Samsung’s 49-inch Gaming Monitor First to Be HDR Certified

The only monitor you need on your desk (because it will take up your entire desk) is now VESA DisplayHDR 600 certified.

If you’re in the market for a new TV today, then “4K” and “HDR” are both things you want your TV to have, but what if instead your want a new monitor? 4K resolution is already the norm, but HDR? Not so much. However, Samsung’s huge CHG90 monitor not only supports HDR, it’s the first gaming monitor to receive VESA certification for it.

If you’re in the market for a new TV today, then “4K” and “HDR” are both things you want your TV to have, but what if instead your want a new monitor? 4K resolution is already the norm, but HDR? Not so much. However,

The CHG90 is the widest gaming monitor you can buy at 49-inches, offering a 32:9 aspect ratio and 3,840-by-1,080 resolution on its QLED panel. It also supports AMD’s FreeSync 2 and HDR as standard. But from today, Samsung can also claim the CHG90 is VESA certified using the DisplayHDR standard.

at 49-inches, offering a 32:9 aspect ratio and 3,840-by-1,080 resolution on its QLED panel. It also supports AMD’s FreeSync 2 and HDR as standard. But from today, Samsung

DisplayHDR specifies the quality of the HDR offered by a monitor rating it by luminance, color gamut, bit depth, and rise time. There are three levels : DisplayHDR 400, 600, and 1000, with the CHG90 achieving DisplayHDR 600 certification. Samsung conveys this as meaning HDR content can be “enjoyed in bright indoor lighting conditions.”

DisplayHDR specifies the quality of the HDR offered by a monitor rating it by luminance, color gamut, bit depth, and rise time. There are

: DisplayHDR 400, 600, and 1000, with the CHG90 achieving DisplayHDR 600 certification. Samsung conveys this as meaning HDR content can be “enjoyed in bright indoor lighting conditions.”

For anyone considering a new monitor purchase, this certification makes the Samsung CHG90 a tempting proposition. Not only will it handle any HDR-enabled games on your PC, but you can also hook up a PS4 Pro or Xbox One X and enjoy the HDR-enhanced visuals either console outputs.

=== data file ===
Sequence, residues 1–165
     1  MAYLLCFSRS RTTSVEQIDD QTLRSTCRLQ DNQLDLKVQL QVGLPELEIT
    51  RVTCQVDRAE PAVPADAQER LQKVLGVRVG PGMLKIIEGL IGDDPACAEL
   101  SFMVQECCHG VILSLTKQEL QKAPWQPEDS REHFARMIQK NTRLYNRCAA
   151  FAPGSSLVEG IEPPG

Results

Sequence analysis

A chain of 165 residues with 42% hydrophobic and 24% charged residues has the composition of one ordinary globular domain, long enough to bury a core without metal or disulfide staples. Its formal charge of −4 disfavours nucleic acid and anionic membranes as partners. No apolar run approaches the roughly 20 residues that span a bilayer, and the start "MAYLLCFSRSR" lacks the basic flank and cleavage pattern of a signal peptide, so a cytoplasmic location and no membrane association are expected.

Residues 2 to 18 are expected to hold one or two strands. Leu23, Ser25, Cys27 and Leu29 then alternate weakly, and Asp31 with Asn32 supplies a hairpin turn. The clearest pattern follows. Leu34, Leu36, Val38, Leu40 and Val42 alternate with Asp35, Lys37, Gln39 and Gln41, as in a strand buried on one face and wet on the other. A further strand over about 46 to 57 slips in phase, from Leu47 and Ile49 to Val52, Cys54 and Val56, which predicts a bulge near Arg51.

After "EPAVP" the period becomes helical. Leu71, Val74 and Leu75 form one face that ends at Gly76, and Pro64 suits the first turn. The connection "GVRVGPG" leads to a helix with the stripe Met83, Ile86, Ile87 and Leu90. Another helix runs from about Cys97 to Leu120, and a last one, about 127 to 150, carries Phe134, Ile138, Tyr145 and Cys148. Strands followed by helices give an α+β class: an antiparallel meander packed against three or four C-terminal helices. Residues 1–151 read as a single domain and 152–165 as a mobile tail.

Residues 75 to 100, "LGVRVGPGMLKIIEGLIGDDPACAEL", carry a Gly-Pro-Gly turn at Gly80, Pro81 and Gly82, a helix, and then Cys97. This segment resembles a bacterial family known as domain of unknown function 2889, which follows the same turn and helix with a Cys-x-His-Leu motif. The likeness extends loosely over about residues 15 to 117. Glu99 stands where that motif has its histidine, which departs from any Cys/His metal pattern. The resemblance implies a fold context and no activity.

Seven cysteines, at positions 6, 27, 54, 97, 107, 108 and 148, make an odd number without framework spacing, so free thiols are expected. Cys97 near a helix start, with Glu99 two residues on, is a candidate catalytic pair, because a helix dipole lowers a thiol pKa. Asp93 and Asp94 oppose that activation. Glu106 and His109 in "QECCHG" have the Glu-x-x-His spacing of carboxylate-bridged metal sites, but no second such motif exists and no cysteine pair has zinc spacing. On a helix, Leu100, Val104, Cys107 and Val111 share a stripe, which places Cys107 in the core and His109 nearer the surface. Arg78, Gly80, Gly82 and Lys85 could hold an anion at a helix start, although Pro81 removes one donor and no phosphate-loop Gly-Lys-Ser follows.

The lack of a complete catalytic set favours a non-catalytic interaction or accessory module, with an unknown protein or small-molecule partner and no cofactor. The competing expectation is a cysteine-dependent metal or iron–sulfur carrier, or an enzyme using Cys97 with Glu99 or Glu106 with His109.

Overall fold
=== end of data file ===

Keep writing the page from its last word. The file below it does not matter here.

For anyone considering a new monitor purchase, this certification makes the Samsung CHG90 a tempting proposition. Not only will it handle any HDR-enabled games on your PC, but you can also hook up a

When the CHG90 was originally released back in June, the price was set at $1,499. However, that’s no longer the case with Amazon listing it for just $999 right now. That’s not bad considering just how big this monitor is.

When the CHG90 was originally released back in June, the price was set at $1,499. However, that’s no longer the case with

See Also : Samsung’s mega-wide gaming monitor is first to be HDR …

The CHG90 has a very weird 3,840 x 1,080 resolution (a 32:9 aspect ratio),144 Hz refresh, AMD FreeSync support, deep curvature and a $1,300 price tag, so it’s not for everyone. It’s built mainly to replace multi-monitor setups so that you can, say, game on one half and stream on the other. As a single screen, it could give you more visibility and flexibility with controls, but does not, obviously, deliver full 4K resolution.

It’s interesting that a gaming monitor is first to receive the VESA DisplayHDR certification, as there are plenty of professional graphics monitors designed for maximum color accuracy and contrast. However, many of those use IPS panels that lack brightness and likely wouldn’t meet the 600/350 cd/m2 threshold. Samsung has mostly used its QLED tech for 4K TVs, and while the blacks aren’t as good as on OLED displays, they’re definitely bright.

On the color side, VESA says that monitors must display a billion colors (10 bits), but 8-bit panels with 2 bits of “dithering” to simulate 10 bits also qualify. Very few monitors have true 10-bit panels, but most of Samsung’s QLED TVs do (Samsung’s specs for the CHG90 don’t say ).

On the color side, VESA says that monitors must display a billion colors (10 bits), but 8-bit panels with 2 bits of “dithering” to simulate 10 bits also qualify. Very few monitors have true 10-bit panels, but most of Samsung’s QLED TVs do (Samsung’s specs for the CHG90

VESA promised to announce multiple DisplayHDR certified monitors on or before CES 2018, so you can expect to see others soon. It will be interesting to see which is the first to conform to DisplayHDR 1000, which is much more demanding for brightness and black levels (contrast). If consumers start pushing manufacturers to meet those specs, it will be a big plus for both gamers and streamers.